Story URL: http://news.medill.northwestern.edu/chicago/news.aspx?id=143751
Story Retrieval Date: 7/30/2014 8:18:34 PM CST

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By Marissa Mitchell and Jessica Binsch/MEDILL

The Gads Hill Center serves youth despite violence and funding cuts.


Program's struggle for funding as fierce as its battle to keep teens safe

by Jessica Binsch and Marissa Mitchell
Oct 28, 2009


RISK GIRL

By Jessica Binsch/MEDILL

Sisters Nydia (left) and Alondra Garza  complete homework during an after-school program at the Gads Hill Center. The center serves at-risk youth in Pilsen, Little Village and Back of the Yards communities.



For Nydia Garza, afternoon activities at the Gads Hill Center can range from doing homework to tracing her roots. With the help of Christina Rodriguez, she wrote an essay Tuesday about her great-grandfather. 



Garza lives in Pilsen, a predominantly Hispanic community in southwest Chicago. There and in the surrounding neighborhoods of Little Village and Back of the Yards, teens can face violence. Last week 17-year-old Gamaliel Toscano was shot and killed in Back of the Yards on his way from school. 



“Violence is something that a lot of these students are exposed to from a young age,” said Rodriguez, coordinator of the Teen Connection program at Gads Hill. “A lot of them strive to not go to the neighborhood high schools because they’re gang ridden, so there is a lot of violence and drugs there.”

Staff members at the center see their place as a safe haven after school and on weekends. Teen Connection volunteers from across Chicago help more than 25 students through high school.



Under a new program at Chicago Public Schools, 200 at-risk teens are set to receive similar mentorship in an effort to curb youth violence. But as Chicago is looking for new ways to fight violence, established programs like the Gads Hill Center are fighting funding cuts.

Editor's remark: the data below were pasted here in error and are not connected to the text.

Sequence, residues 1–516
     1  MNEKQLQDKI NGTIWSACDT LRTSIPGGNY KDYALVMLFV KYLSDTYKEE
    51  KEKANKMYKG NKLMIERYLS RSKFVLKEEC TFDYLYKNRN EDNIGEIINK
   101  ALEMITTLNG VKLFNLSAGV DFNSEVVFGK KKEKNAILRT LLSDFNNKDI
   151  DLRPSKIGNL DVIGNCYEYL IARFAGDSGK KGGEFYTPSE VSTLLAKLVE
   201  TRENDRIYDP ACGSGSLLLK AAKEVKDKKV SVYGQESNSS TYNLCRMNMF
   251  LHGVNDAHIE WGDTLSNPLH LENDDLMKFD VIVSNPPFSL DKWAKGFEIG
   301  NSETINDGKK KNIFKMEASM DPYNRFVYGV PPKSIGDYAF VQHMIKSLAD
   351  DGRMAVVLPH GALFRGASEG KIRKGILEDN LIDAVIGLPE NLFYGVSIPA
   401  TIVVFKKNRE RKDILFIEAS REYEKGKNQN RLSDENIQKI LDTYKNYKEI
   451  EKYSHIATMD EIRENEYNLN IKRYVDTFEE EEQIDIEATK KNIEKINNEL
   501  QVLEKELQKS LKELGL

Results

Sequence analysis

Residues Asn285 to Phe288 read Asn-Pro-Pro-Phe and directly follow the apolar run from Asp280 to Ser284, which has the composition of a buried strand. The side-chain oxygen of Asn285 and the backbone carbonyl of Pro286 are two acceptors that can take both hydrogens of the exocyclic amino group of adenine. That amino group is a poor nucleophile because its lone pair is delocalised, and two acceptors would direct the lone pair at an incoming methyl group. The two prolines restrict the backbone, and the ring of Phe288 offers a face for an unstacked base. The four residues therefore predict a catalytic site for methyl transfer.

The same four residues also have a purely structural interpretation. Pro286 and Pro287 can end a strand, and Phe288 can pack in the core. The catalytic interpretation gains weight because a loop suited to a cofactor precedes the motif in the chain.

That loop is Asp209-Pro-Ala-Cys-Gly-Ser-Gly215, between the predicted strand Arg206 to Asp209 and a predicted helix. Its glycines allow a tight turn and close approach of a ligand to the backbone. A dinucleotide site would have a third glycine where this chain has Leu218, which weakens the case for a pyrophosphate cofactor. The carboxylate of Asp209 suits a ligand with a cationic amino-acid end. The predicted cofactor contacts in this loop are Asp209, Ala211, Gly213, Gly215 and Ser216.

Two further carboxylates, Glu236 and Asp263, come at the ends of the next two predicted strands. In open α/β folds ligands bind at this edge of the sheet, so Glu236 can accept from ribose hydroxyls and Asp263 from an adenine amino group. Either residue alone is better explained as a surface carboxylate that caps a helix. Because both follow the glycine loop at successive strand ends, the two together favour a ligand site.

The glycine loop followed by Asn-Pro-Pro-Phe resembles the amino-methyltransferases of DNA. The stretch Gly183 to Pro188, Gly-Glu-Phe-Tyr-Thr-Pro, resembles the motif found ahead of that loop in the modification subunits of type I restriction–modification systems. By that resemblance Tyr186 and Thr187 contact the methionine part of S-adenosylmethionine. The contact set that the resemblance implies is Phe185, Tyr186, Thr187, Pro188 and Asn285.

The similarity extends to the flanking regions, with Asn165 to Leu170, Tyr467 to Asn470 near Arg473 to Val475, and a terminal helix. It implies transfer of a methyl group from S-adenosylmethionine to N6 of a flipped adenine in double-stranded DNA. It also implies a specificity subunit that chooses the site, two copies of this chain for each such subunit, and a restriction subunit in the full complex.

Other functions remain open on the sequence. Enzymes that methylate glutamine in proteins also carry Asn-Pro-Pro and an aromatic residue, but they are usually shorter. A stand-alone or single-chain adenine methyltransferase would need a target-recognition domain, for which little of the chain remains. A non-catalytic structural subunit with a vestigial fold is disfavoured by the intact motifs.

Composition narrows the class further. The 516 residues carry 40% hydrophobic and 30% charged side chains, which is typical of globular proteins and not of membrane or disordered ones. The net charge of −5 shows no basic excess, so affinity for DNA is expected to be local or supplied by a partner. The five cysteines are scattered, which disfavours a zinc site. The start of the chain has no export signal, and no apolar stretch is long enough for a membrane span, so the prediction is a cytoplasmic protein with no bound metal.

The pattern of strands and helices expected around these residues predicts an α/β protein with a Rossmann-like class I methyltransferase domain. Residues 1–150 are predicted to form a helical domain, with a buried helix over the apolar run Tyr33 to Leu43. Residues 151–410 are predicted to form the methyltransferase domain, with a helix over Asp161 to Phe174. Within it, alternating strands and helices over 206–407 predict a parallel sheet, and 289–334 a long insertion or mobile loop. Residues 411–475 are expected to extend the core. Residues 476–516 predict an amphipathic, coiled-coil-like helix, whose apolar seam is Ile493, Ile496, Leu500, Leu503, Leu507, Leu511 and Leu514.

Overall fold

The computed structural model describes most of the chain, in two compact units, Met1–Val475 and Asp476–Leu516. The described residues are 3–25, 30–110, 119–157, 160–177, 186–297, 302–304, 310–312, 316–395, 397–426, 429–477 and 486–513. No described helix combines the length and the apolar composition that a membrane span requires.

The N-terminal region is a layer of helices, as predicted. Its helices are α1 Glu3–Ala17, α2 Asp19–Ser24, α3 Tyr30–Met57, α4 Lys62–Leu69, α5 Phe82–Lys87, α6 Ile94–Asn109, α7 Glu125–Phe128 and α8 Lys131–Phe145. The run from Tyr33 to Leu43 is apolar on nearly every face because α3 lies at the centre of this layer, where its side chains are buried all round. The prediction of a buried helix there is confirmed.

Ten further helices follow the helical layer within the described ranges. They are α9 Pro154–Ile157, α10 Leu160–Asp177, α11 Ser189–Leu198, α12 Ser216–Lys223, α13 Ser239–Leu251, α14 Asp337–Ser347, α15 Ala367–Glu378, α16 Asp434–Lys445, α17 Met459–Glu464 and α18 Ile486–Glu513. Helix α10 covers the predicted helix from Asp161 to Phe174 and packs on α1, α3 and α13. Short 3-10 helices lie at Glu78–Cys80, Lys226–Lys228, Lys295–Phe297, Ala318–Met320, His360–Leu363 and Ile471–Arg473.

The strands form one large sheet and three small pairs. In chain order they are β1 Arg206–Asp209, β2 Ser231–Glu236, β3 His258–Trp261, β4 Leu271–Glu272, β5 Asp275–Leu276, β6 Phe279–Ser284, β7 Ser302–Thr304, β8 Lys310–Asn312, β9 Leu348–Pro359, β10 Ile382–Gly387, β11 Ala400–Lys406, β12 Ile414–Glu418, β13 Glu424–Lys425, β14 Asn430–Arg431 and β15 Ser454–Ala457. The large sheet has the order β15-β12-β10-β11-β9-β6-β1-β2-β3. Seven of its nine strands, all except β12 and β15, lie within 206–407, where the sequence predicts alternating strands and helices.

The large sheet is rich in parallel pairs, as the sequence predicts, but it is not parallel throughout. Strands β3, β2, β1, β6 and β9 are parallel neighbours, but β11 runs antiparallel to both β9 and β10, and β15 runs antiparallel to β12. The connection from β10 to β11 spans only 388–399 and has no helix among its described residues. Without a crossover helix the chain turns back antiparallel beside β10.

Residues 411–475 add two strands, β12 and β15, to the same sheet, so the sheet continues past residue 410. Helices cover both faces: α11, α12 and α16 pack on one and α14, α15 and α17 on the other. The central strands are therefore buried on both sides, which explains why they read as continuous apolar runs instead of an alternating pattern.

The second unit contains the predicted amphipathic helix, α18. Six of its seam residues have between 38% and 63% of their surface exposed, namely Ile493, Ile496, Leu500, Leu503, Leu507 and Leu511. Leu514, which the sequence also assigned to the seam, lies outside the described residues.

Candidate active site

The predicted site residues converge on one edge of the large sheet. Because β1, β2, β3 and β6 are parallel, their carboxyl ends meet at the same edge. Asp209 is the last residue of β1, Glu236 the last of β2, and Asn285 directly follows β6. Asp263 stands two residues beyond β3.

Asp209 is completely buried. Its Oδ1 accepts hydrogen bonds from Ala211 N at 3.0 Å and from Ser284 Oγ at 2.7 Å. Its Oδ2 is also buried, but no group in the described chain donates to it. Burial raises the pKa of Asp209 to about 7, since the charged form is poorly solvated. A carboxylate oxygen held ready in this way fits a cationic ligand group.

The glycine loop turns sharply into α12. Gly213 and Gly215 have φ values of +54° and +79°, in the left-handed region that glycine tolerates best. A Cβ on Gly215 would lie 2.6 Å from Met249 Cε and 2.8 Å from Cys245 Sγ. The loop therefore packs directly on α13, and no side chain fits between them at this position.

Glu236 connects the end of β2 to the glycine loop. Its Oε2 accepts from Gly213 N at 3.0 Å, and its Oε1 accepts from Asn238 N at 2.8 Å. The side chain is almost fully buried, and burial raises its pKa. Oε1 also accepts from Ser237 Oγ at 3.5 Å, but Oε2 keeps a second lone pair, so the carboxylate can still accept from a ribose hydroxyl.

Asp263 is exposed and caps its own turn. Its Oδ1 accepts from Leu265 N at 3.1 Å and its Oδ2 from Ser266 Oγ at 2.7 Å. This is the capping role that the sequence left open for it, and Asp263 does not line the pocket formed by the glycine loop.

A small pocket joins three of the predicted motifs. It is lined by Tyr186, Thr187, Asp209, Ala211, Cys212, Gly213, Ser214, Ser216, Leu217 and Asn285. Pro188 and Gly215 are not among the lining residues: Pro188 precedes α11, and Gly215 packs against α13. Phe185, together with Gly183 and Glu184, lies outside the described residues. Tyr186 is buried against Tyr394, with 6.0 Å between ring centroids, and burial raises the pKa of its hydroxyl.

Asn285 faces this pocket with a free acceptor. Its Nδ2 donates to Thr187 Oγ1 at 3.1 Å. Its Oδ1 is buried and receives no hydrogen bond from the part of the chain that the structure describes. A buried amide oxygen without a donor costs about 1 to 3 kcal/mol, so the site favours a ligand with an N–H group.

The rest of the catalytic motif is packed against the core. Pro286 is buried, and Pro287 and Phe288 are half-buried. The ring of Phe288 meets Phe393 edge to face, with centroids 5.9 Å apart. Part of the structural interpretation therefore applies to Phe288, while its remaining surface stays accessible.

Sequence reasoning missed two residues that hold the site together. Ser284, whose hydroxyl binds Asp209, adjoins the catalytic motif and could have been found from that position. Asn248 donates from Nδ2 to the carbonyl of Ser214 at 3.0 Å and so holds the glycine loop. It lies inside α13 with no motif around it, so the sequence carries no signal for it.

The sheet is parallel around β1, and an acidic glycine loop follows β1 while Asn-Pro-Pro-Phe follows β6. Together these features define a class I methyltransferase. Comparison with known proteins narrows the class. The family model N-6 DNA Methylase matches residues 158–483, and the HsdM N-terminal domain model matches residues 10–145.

“We always struggle with funding,” said Xavier Salvado, program coordinator at the center. “Investing in safe places like this one would address at least part of the problem” of youth violence.



Public funding and private donations have decreased by a third, he said. As a result, the center has had to close its doors on two Saturdays out of the month.



Community group Mujeres Latinas en Acción also offers mentoring programs, with a focus on teenage girls. During the week they provide academic assistance, sex education and relationship workshops.

“The program is here because the community needs it,” said Alma Lopez, the youth program director. “Especially during this economy that’s what we’re here for.”



Mujeres Latinas, too, is struggling in the economic downturn as donations dwindle. Almost a year ago, funding was intact. Now, organization members are applying for more public money to support their services.



The Resurrection Project in Pilsen works to improve education and foster community development. The program has a solid funding base due to rent collected through their affordable housing units. 



But the threat of violence persists. For their basketball league’s summer games, they had to enlist police protection.


“In some cases, gang members swarm around the Resurrection basketball league games” to recruit the teenagers, Ryan Kelsey of the Resurrection Project said.



Under such conditions, Gads Hill’s Salvado said, communities, schools and families must work together to save youth.

“CPS is a part of the community,” he said. “So even if the school is the best place on earth, if you step outside and the community is not the same way, then you’re still going to have that.”

When students have educational opportunities, they are better poised to rise above the turmoil, added Rodriguez.

“They’re holding a key,” she said. “If they do well in school, this life doesn’t have to be their life.”